Why I’ve voted no on pension reform

New York’s pension board is in a tough spot because of a looming pension shortfall, the governor’s chief executive says.


Andrew Cuomo announced Wednesday that the board would begin a plan to reform its pension system to meet the state’s obligations, including an annual pension plan with a 10-year payout.

The governor’s proposal comes as the pension fund, the state Employees’ Retirement System, faces an expected shortfall of $1.5 billion.

The pension board has a mandate to provide its members with adequate retirement income and, according to Cuomo, it “is in a position to provide that income to its members.”

In an interview with New York magazine, Cuomo said the pension board would need to consider “whether it is a good use of taxpayer dollars to be in this position.”

It’s a tough time for the pension system, which is underfunded by more than $1 billion and is in need of a boost.

In a speech last month, Cuomo pledged to address the pension shortfall by “pursuing reforms that would allow it to be self-sufficient.”

He said that would mean a reform of how the state pays pensions, including setting a fixed payout.

Cuomo also announced plans to reduce the state pension age to 65, a change that would reduce the number of retirees at the top of the pension structure.

It would also reduce the amount of money that goes into the pension plan, reducing the money available for future retirements.

“The plan to implement this change in 2018 will help make the pension more sustainable, and that will be the goal of the next administration,” Cuomo said in the speech.

In February, Cuomo approved a pension overhaul that would have given the state workers a raise, a new retirement age and more generous retirement benefits.

He also approved a law that required the state to create a system of tax-free retirement accounts.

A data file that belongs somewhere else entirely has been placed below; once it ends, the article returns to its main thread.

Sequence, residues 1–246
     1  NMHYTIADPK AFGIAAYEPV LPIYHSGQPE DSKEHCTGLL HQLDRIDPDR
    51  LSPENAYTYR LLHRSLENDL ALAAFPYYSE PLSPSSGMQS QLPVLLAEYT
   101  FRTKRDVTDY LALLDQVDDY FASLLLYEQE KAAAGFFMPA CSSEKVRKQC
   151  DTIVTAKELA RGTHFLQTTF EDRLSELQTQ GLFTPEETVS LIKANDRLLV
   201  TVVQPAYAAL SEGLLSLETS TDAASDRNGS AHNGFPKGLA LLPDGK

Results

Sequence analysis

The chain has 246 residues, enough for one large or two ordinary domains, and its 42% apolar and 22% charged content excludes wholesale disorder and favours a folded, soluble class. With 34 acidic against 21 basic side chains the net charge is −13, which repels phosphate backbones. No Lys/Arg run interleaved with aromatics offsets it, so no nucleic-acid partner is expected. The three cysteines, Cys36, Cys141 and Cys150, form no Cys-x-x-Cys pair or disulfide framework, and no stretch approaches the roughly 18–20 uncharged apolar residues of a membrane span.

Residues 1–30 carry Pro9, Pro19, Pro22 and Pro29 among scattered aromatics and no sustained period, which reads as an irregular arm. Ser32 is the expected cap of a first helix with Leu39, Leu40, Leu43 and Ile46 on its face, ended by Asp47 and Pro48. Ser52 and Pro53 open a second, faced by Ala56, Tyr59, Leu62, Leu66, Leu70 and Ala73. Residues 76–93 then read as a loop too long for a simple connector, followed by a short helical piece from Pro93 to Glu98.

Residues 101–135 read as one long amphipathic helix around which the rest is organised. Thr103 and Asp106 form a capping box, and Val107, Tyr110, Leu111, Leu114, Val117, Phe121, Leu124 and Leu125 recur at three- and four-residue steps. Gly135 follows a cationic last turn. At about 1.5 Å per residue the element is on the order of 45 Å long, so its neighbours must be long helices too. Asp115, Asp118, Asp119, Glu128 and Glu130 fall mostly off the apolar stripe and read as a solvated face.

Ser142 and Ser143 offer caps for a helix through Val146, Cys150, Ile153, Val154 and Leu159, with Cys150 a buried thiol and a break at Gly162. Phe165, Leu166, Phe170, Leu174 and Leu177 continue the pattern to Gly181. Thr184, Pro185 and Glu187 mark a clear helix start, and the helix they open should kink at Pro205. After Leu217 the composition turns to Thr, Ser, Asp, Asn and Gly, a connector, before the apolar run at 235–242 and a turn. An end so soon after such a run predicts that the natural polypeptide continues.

But Cuomo’s plan also calls for a reduction in the number and quality of retirements for state workers, and for the state retirement system to set aside more money for future retirees.

The board would have to approve any change to its plan.

New York State Teachers Union president John R. Reilly said the governor was making a “reckless mistake” in proposing pension reform.

“It’s a mistake because it’s not going to help the pensioners, and it’s a bad plan because it will increase the pensioner cost,” Reilly said.

“We’re going to fight this with everything we’ve got.”

A state board of pension trustees meeting will take place this week.

“This is a difficult time for New York,” said the union’s president, Tom Pascual, who said he supports a reform that would keep workers with pensions at a good value.

“But the best thing we can do is let the pension funds continue to operate as they are, and not take a hard look at them.”

A bill to raise the state income tax rate to 8 percent is also in the works.

The bill is supported by many Democrats, including Sen. Diane Savino, a Queens Democrat.

“Our plan is to take on this issue with all of our political and legislative resources, and I think it’s the right thing to do,” Savino said Wednesday in a statement.